A major public expense. (M. Spencer Green/AP Photo)

It turns out that gun violence isn't just a public safety issue—it's also extremely expensive for taxpayers.

The total national hospital costs associated with firearm assault injuries ballooned to almost $700 million in 2010, according to a new analysis by The Urban Institute. And the bulk of those costs—almost three-quarters of them, to be more precise—aren't being paid for by the perpetrators, victims, or insurance companies, but rather by the American public.

"Most of this cost is paid for by the public, either through public insurance programs such as Medicaid or as uncompensated care for the uninsured," the Institute said in its report. "In a time of restricted public resources, these findings suggest that significant public resources could be saved or redirected if effective gun-violence prevention strategies could be identified."

The costs, both publicly funded and not, vary considerably by state. Within the six geographically and demographically different states singled out as part of the Institute's analysis—Arizona, California, Maryland, North Carolina, New Jersey, and Wisconsin—the hospital costs for firearm assaults ranged from just under $4 million in Wisconsin in 2010, to nearly $90 million in California that same year. Nationwide, the total hospital costs from gun assault injuries amounted to $670 million.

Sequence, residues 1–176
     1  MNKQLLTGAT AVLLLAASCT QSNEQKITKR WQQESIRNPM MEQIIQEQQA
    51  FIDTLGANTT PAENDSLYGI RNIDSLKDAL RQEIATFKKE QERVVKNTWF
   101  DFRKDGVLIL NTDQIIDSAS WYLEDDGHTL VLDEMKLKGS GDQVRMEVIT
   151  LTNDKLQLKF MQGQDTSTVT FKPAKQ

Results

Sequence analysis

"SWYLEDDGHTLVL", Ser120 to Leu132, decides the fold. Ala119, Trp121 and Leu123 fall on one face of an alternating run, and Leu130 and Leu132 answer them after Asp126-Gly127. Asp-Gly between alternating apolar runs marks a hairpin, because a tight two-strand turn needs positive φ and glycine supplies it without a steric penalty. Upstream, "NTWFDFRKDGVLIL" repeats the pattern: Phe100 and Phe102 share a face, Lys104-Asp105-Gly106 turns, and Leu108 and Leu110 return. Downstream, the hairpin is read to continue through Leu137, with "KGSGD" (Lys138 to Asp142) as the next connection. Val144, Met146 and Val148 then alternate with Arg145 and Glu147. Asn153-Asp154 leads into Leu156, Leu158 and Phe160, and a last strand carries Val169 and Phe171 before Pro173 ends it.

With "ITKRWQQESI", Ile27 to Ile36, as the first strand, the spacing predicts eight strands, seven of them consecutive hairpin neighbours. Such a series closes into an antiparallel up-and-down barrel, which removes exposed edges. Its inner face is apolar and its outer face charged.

But the percentage of those costs that are paid for by the public was consistently high. In Arizona, 85 percent of hospital costs from firearm-assault injuries were publicly insured or not insured at all; while in California, where the percentage was lowest, 65 percent of such costs were still publicly insured or uninsured. Nationally, the 73 percent were publicly insured or uninsured.

"The purpose of this study was to dive into six rather different states and see if the pattern was there in all of those very diverse states," said Embry Howell, a senior Health Policy fellow at The Urban Institute. "And it was. While there's a range, it's actually a pretty tight range. Most of the costs are coming straight out of state Medicaid budgets, or even local hospital budgets."

The analysis also found that gun assault injuries are disproportionately concentrated among young males—young men aged 15 to 34 accounted for 70 percent of such injuries. And young black males are the largest victims; in each of the six states surveyed, black males had the highest rate of firearm assault injury.

As the number of gun stores continues to grow nationwide, and evidence continues to surface that more guns might not actually lead to less crime—or hospital visits, for that matter—it's important to bear in mind that the costs of gun violence aren't merely a burden on those directly afflicted, but also the wider public.

It's also worth remembering that the total costs of gun violence extend well beyond the price of associated hospital visits. The total cost of gun violence, which includes the societal cost, has been estimated at more than $170 billion annually. "A lot of costs aren't even included in this, like the costs after people leave the hospital," Howell said. "Basically, you're paying for them, even if indirectly."